Bellona believes that the signing of MNEPR will remove the legal roadblocks. But how to remove the relational roadblocks between Russia and Western partners and how to come to a common agreement concerning what needs to be done – are also big issues. Minatom is sticking to its co-operative interests in all projects. And such co-operative interests of the ministry are rarely environmentally friendly.
It is clearly stated in the report that the sources of the currently low radioactivity in the Arctic seas is nuclear testing, the Chernobyl accident and the operations at Sellafield reprocessing plant in the United Kingdom, whereas the latter is the main contaminator. The Northern Fleet, nuclear icebreakers fleet and Kola nuclear power plant are generating waste which is very poorly managed, and consequently represent potential risks. To stop the risks developing into actual contamination, the right actions must be taken today.
Kursk eats up submarine decommissioning budget
Bellona has said before that even the worst-case scenario during the lifting of the Kursk submarine will not lead to an environmental disaster. The critical stage of the operation will be when the submarine is being set into the dry dock at Roslyakovo shipyard, five kilometres from Murmansk, and the eventual unloading of 22 cruise missiles from the submarine. All data gathered so far, points to the fact that the two reactors onboard Kursk are shut down and were not severely damaged by the explosions in the submarine’s torpedo section. The condition of these two reactors will however not be finally confirmed until the submarine is placed in the dry dock.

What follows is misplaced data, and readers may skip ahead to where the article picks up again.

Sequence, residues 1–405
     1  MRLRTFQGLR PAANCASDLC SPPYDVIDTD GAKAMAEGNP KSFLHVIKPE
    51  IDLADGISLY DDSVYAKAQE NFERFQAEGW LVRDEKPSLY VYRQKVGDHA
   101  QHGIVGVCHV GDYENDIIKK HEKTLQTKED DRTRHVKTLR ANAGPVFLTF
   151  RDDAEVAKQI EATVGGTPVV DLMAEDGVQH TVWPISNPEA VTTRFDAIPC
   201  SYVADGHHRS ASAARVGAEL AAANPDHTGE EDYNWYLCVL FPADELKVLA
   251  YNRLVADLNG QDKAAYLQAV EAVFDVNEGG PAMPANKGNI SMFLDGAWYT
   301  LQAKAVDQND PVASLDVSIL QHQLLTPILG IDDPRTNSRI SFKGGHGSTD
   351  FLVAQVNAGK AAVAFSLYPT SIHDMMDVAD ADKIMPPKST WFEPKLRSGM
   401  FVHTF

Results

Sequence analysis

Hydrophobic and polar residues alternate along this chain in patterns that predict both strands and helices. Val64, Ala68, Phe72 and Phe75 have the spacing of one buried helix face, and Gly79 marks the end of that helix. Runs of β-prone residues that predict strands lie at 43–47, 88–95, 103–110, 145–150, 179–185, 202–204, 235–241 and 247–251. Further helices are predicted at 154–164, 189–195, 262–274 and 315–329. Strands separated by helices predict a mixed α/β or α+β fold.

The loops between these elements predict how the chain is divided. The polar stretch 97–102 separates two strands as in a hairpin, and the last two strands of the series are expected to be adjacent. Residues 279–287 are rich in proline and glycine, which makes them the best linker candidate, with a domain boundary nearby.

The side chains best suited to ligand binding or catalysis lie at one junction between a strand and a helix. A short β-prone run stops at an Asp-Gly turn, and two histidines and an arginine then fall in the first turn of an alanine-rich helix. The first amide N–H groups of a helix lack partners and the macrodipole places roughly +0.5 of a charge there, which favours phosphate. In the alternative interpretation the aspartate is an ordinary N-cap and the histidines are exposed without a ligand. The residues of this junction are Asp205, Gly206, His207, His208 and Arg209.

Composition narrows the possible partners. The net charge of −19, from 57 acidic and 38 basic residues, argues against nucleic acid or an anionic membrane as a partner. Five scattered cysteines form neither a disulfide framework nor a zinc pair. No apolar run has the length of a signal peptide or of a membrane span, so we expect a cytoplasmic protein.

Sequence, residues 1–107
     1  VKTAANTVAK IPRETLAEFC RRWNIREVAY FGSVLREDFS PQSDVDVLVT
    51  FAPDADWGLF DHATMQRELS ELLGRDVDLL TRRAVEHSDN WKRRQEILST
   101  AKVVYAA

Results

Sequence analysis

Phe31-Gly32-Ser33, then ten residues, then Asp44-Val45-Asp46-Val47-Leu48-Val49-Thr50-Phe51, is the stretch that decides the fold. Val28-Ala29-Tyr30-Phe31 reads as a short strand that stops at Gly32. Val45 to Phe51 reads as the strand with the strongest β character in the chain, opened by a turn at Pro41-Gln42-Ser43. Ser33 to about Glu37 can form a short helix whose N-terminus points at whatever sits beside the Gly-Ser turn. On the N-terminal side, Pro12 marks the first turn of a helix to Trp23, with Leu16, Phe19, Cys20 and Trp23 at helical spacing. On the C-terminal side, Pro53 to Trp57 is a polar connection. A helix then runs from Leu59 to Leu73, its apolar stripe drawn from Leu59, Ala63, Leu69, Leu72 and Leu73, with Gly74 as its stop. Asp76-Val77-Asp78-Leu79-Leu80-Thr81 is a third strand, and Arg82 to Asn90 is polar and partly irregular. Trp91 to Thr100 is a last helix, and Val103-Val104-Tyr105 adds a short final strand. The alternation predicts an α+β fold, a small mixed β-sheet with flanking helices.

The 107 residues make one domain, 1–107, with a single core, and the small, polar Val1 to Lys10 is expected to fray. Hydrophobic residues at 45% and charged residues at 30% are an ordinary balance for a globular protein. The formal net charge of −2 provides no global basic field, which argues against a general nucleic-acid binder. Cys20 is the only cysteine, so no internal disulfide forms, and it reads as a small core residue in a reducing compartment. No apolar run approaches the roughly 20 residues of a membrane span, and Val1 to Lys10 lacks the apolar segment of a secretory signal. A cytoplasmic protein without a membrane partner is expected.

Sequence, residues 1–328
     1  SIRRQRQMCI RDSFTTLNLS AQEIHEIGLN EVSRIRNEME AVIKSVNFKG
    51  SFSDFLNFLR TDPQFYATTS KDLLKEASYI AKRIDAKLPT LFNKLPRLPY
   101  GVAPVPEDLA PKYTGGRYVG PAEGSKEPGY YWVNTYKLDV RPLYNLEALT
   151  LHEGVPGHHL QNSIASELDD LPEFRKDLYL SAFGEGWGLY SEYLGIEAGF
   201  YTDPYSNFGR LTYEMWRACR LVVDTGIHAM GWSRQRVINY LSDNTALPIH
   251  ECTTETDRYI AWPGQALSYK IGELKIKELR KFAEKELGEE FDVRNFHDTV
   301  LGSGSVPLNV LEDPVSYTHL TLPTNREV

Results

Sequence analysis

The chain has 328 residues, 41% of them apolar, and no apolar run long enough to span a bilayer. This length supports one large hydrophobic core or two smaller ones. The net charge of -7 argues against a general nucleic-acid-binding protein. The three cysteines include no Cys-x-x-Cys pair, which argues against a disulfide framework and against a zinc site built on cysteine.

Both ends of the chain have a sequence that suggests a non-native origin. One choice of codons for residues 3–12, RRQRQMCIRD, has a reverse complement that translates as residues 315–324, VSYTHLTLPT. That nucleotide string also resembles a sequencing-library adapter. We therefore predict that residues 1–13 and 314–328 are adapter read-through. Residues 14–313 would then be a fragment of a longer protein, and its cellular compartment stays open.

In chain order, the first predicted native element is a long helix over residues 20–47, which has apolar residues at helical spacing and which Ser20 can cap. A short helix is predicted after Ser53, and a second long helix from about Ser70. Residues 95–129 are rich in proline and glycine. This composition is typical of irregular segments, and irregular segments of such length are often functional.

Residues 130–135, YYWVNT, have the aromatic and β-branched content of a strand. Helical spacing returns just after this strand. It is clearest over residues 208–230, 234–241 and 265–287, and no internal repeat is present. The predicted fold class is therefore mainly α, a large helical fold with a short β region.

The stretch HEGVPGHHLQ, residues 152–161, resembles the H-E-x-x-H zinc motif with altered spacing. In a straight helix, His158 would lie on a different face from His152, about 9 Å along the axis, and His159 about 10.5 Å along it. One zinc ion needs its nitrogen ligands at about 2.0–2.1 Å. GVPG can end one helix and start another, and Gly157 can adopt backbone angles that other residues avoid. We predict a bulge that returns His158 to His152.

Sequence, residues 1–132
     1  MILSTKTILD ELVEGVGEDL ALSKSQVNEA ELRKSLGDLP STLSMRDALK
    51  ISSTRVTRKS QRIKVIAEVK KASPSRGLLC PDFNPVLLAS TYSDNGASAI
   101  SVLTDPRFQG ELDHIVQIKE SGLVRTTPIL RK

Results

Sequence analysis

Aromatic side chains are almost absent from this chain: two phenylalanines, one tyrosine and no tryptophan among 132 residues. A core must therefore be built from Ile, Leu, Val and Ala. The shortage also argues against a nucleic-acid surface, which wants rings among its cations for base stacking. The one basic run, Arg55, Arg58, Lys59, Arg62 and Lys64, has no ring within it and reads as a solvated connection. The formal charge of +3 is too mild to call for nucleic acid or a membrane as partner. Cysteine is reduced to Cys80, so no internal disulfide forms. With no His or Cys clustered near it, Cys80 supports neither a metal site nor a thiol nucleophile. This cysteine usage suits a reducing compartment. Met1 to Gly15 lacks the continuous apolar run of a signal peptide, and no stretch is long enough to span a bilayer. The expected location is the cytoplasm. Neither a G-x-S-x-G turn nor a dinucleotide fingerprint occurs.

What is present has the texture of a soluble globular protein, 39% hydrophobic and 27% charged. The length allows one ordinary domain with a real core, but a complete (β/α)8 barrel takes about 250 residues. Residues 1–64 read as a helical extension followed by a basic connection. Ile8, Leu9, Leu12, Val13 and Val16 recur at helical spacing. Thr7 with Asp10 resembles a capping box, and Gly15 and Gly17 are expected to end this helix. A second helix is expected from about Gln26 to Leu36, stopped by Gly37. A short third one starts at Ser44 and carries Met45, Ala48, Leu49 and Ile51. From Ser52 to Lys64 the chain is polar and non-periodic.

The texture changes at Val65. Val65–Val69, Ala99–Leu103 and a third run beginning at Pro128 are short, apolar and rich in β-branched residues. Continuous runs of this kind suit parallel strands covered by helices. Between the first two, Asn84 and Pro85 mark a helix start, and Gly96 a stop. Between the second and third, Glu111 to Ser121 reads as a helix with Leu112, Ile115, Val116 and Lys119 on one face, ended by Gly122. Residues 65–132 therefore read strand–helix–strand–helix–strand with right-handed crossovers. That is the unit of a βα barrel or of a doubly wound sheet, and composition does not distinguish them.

The Kursk lifting operation cannot be considered an environmental endeavour. The most likely reason to lift the Kursk at whatever costs, is the promise of the Russian president last year to do so. But the price tag to fulfil the promise is now approaching $130 million. In 2000, the full budget for decommissioning nuclear powered submarines, provided by the Russian government, amounted to $40 million, and this year it was expected to increase with $80 million. But Minatom officials have already expressed their fear of having to fund the Kursk decommissioning from their budget. The kursk decommissioning may cost as much as $60 million.
From the environmental point of view, Bellona believes that retired nuclear powered submarines and run down nuclear storage sites in the possession of the Northern Fleet, pose a far greater risks than Kursk at the bottom of the Barents Sea. Thus, funding for those issues should have been prioritised.